Exploring Green Interiors

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Exploring Green Interiors


Re-evaluate your home—working with small spaces.   In today’s climate of building and renovating homes, it has become increasingly clear that many families want to have a home that is more functional, suits their everyday lives, and works better for their day-to-day routine.

The easiest solution always seems to buy or build a bigger home or add on to your current space, essentially, to give you more room to spread out and operate. What many homeowners fail to realize is that there can be valuable untapped real estate inside in your own residence, and the home of your dreams may be sitting right inside.

When you think about your home, especially if you have a limited footprint, think about how utilitarian your home is for your lifestyle. Are there rooms you pass by day-to-day without using, or are the rooms that you do use not working together to create a practical space for your everyday routine?

No matter how small or large the project, determining your immediate needs helps to create a functional space plan, and effectively change  
the way you use your space. The most important aspect to creating a completely functional home is having clearly defined areas that serve  
a specific purpose. Ask yourself: Could there be a way to reconfigure my existing layout to become more functional for my lifestyle? Say, for example, you have a formal dining area that is rarely, if ever, used, but your kitchen is so crowded you feel cramped every time you cook a meal.

A solution could be as simple as tearing down the adjacent wall to extend the kitchen and create an open entertaining  area.

There are also many environmental and economical advantages to staying in your current home. First, you can stay in your current location, which means keeping the same schools and neighbors. Second, fewer materials and resources are needed to renovate compared to starting from scratch. Third, you’ll save money! It is much more cost-effective to renovate an existing space than to build a custom home to suit your needs. If done correctly, the changes in your home will contribute to energy bill savings by making your space more energy efficient.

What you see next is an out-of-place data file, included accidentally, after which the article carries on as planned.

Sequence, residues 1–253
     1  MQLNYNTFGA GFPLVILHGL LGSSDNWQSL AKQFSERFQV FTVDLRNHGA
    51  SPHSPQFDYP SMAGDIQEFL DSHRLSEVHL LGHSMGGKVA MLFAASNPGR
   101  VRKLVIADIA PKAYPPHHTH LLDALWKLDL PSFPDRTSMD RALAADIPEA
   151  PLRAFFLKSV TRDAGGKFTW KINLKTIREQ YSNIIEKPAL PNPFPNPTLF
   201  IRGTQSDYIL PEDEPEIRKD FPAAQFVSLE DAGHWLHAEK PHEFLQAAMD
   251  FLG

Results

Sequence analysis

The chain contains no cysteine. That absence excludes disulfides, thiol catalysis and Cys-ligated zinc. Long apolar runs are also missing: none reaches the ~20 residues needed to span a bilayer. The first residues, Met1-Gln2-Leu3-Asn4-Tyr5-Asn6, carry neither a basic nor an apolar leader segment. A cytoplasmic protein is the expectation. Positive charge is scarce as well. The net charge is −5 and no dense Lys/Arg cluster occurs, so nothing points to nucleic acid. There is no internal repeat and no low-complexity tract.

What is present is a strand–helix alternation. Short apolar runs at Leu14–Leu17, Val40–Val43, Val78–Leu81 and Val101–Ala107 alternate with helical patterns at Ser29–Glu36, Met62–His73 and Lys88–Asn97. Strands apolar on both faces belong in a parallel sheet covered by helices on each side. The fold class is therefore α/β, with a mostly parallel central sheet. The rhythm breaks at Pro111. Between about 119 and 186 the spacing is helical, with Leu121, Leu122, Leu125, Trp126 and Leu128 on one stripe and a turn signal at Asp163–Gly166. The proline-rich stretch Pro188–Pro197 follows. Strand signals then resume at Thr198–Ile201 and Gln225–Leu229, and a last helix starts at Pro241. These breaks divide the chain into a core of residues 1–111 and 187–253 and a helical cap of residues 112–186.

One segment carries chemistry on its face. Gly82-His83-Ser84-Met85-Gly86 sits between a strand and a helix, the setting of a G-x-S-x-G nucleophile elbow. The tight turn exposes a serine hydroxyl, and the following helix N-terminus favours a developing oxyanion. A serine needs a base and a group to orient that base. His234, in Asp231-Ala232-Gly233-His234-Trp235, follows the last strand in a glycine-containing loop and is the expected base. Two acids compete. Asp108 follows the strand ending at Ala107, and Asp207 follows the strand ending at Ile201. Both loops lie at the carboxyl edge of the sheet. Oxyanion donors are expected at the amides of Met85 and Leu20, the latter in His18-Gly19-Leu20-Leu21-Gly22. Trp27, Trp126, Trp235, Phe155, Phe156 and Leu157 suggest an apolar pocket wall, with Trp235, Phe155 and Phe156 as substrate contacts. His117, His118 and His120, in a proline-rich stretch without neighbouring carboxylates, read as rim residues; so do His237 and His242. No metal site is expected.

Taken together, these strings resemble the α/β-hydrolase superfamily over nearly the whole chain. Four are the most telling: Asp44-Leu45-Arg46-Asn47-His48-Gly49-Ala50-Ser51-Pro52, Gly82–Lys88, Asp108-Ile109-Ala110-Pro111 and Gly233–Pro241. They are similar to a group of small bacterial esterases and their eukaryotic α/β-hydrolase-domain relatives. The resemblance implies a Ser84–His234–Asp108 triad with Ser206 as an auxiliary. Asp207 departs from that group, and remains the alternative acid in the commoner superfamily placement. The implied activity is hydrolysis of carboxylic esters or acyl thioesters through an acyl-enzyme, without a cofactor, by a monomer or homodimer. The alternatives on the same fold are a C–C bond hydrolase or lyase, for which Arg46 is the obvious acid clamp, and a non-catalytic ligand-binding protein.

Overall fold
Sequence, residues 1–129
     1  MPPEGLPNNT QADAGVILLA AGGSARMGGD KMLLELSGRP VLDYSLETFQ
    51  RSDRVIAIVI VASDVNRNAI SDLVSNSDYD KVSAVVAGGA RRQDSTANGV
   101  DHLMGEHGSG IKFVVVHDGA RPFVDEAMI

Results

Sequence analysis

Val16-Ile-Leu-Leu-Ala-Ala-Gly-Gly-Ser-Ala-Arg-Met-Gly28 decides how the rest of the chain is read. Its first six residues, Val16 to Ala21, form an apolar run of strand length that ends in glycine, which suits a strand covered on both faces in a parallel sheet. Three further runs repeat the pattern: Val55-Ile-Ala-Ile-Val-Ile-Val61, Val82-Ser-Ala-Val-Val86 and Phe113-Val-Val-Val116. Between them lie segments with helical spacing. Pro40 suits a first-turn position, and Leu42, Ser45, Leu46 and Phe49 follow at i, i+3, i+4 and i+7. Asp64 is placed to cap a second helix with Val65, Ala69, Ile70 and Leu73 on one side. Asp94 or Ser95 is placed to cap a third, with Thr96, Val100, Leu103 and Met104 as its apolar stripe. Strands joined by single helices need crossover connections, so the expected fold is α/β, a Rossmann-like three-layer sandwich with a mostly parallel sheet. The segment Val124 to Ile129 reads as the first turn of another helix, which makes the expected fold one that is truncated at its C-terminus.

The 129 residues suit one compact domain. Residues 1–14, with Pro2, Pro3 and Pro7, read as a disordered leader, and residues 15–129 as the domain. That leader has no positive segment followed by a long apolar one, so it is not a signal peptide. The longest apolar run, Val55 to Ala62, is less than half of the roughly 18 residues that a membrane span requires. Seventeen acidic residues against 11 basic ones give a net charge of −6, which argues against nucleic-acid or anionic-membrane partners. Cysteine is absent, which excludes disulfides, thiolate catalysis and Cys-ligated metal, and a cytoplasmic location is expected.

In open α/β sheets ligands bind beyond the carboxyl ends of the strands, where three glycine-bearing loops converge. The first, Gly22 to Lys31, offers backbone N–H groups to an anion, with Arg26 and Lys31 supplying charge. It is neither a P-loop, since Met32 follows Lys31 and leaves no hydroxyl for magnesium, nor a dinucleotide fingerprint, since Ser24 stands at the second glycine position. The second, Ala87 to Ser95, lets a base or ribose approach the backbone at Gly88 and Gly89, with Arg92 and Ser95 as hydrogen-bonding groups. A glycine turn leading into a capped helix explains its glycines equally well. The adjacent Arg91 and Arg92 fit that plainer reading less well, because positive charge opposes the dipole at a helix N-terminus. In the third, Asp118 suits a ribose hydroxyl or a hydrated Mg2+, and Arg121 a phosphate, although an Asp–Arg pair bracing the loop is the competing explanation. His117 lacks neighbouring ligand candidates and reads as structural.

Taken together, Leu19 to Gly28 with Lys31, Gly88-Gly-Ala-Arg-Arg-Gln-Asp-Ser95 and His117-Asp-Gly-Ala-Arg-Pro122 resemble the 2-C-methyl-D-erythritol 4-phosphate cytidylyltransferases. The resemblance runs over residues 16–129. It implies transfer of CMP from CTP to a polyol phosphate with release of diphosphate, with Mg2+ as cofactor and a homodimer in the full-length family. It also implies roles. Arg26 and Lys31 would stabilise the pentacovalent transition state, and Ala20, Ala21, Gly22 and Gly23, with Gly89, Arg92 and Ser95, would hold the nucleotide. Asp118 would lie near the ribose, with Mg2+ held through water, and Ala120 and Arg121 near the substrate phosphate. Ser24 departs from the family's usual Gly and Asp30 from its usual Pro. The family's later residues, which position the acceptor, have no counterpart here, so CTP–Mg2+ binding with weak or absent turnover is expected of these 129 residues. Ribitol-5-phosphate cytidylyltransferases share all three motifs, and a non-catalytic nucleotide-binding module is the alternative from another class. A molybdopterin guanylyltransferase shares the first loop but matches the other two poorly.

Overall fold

Another obvious challenge with working in small spaces is making the layout not feel cramped. There are simple solutions that trick the eye. Consider simple profiles. Anything fussy and complicated will be overbearing to the space. Reflective surfaces extend the space in your mind’s eye, and light colors will make walls recede.

Innovation can go a long way. Think vertically when designing. Take the kitchen cabinetry all the way to the ceiling, and as a result, you will take your eye off of limited counter space. You will also need less bulky furniture for storage. Less space can mean a better space, as your budget will stretch much further. Instead of purchasing extra furniture to fill up a room, which may rarely be used, use your budget to get higher quality materials that will look great and last longer.

Taking the steps toward creating a better use of space in your home can help you maximize the way you live for a more efficient life.  Think about what it will take to use your space effectively and how to better utilize unused space. Find out what works best for your lifestyle. Instead of more space, think better space!
—By Maggie McClure of Beth Haley Design

Editor’s Note:
Beth Haley Design, an urban interior design firm, focuses on remodeling and revitalizing established homes, as well as creating stimulating, functional, sustainable spaces in new homes.  Maggie McClure is an allied member of ASID (American Society of Interior Designers). E-mail your questions to her at ngregg@ngregg.com or visit http://www.bethhaleydesign.com.

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